The Arabic lyrics to “Let It Go” are as forbidding as Elsa’s ice palace. The Egyptian singer Nesma Mahgoub, in the song’s chorus, sings, “Discharge thy secret! I shall not bear the torment!” and “I dread not all that shall be said! Discharge the storm clouds! The snow instigateth not lugubriosity within me…” From one song to the next, there isn’t a declensional ending dropped or an antique expression avoided, whether it is sung by a dancing snowman or a choir of forest trolls. The Arabic of “Frozen” is frozen in time, as “localized” to contemporary Middle Eastern youth culture as Latin quatrains in French rap.Indeed, he notes that earlier Disney products were dubbed in Colloquial Egyptian Arabic, widely understood due to Egyptian films, and much less formal sounding.
Why Disney decided to abandon dialectal Arabic for “Frozen” is perplexing, and the reaction has been mixed. Many YouTube viewers are annoyed, with some fans recording their own versions of the songs in dialect. An online petition has called for Disney to switch its dubbing back to Egyptian Arabic, plaintively wondering, “How can we watch ‘Monsters University’ in the Heavy Modern Arabic while we saw the first one in Egyptian accent that everybody loved…?”It;s a good question, and apparently many are complaining. The movie will draw lots of kids, being a Disney product, many of whom have only begun to study Modern Standard Arabic in school, so I suspect there is a constituency. (Though of course there's a certain irony in the fact that Elias' nom de blog, Qifa Nabki, alludes to the opening words of the most famous poem in pre-Islamic Classical Arabic.)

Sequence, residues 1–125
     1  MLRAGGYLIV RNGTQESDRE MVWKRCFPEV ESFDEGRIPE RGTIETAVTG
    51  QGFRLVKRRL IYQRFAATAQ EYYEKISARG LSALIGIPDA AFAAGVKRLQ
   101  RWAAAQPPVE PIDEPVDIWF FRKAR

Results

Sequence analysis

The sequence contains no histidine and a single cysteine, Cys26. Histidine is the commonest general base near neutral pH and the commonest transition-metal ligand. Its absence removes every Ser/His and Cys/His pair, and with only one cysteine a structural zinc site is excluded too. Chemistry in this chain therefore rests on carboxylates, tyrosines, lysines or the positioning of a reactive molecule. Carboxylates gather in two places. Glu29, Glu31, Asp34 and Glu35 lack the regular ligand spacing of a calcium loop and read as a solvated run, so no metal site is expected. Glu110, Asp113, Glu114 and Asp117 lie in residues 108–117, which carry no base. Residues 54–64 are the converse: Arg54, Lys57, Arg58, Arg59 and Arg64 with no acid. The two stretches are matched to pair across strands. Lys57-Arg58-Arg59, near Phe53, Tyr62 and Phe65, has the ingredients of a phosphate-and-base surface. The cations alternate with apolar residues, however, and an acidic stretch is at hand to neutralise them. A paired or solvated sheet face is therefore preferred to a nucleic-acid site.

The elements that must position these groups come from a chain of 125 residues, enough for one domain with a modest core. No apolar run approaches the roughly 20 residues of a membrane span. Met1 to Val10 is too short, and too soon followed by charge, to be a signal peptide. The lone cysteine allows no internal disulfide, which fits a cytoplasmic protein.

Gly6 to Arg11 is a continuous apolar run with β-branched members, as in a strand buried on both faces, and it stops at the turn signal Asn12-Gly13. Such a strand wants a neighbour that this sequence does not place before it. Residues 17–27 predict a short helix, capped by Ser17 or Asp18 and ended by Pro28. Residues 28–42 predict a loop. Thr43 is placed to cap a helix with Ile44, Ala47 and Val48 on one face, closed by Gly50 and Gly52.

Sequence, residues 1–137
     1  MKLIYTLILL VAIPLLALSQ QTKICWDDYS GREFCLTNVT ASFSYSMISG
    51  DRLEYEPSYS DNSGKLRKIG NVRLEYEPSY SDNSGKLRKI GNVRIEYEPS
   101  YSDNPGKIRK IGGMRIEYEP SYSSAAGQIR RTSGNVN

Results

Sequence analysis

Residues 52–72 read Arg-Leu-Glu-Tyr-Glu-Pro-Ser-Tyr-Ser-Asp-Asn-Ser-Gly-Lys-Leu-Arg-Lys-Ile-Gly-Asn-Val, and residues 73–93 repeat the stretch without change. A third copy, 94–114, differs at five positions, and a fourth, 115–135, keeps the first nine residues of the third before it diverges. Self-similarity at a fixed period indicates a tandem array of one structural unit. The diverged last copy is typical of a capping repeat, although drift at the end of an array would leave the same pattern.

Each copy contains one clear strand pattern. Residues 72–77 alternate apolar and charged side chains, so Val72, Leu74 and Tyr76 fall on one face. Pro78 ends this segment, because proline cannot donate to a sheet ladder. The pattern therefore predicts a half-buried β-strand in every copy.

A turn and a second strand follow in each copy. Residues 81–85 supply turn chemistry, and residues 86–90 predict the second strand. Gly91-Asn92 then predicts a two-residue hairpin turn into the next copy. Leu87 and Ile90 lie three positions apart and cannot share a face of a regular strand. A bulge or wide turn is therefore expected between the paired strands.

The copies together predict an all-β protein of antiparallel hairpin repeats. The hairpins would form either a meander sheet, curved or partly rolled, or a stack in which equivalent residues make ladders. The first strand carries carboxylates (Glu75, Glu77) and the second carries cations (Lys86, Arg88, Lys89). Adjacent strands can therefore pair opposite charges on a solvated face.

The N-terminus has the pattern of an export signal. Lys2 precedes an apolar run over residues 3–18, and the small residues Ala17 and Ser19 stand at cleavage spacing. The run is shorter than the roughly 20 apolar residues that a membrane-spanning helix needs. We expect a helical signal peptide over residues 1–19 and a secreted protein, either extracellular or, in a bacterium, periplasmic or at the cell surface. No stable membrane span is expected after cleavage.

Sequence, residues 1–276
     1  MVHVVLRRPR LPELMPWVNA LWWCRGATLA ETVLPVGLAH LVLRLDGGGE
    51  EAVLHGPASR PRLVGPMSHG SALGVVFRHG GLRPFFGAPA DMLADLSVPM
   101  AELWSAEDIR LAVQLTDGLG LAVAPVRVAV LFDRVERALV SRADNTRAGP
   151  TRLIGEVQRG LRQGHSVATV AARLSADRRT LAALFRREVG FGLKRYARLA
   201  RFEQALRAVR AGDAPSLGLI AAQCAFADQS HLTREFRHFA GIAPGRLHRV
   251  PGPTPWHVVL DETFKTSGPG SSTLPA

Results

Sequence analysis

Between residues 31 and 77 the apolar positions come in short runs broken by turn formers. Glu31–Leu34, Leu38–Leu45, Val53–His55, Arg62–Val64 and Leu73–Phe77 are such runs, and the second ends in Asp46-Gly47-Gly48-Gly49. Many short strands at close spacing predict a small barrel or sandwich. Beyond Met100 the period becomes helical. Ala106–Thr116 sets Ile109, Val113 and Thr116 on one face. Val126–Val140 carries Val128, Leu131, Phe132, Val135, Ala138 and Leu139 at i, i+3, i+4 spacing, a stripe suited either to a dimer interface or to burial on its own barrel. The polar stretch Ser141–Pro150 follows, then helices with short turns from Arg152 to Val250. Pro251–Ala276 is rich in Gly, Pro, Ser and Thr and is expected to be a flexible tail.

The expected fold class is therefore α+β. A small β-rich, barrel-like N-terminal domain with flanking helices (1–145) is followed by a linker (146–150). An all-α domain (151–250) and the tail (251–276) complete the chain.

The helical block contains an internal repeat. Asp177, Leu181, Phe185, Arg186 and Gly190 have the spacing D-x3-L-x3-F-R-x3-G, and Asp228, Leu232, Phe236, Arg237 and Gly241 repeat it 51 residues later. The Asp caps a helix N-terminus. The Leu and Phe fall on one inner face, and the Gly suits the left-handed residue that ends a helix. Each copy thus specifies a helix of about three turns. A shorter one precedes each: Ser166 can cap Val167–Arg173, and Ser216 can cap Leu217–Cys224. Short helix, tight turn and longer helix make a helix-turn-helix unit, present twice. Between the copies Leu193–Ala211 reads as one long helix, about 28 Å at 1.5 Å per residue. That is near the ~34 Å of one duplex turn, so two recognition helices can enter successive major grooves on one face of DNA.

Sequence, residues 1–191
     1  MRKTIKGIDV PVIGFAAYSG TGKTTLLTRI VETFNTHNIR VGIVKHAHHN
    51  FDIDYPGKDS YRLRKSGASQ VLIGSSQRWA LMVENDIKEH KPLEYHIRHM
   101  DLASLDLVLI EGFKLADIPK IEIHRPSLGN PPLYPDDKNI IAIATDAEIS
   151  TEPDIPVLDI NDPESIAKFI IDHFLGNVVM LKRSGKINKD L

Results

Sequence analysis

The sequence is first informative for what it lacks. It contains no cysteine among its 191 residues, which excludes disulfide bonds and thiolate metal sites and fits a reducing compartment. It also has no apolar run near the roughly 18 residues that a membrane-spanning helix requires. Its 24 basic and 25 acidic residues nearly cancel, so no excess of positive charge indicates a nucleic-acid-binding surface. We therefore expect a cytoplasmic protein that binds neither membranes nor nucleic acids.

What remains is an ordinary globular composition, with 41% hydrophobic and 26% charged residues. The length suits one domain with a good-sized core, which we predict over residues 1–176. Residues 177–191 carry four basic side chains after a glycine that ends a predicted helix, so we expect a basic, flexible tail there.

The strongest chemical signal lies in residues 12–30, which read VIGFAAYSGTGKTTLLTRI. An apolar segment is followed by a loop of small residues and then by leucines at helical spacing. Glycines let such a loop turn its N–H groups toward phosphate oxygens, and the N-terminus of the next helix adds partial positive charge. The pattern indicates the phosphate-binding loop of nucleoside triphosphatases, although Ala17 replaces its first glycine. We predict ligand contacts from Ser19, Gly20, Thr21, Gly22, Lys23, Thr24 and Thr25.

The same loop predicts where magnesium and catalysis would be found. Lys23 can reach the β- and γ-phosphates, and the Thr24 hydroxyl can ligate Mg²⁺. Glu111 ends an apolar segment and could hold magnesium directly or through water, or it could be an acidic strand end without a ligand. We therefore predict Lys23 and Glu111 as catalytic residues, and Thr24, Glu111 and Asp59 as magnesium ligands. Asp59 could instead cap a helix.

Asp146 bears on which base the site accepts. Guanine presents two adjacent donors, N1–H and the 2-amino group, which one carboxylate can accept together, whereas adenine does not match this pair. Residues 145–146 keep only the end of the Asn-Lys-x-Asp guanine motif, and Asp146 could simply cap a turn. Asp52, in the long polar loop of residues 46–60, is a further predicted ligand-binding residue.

How indeed? Or perhaps the real question is: Why? Why is Disney willing to commission separate translations of its films for speakers of Castilian Spanish and Latin American Spanish, European Portuguese and Brazilian Portuguese, European French and Canadian French, but is moving in the opposite direction when it comes to Arabic? The answer cannot be that the dialect markets are too small. The population of all of Scandinavia is less than a third of Egypt’s, but is represented by five different translations of “Frozen.” There are nearly ten times as many Moroccans living in Casablanca alone as there are Icelanders in the whole world. The markets are there. What is missing is a constituency for cultural production in dialectal Arabic.
The links in the first paragraph above go to various examples on YouTube, but for convenience, here's the megahit "Let it Go," in a formal language no one would actually speak naturally: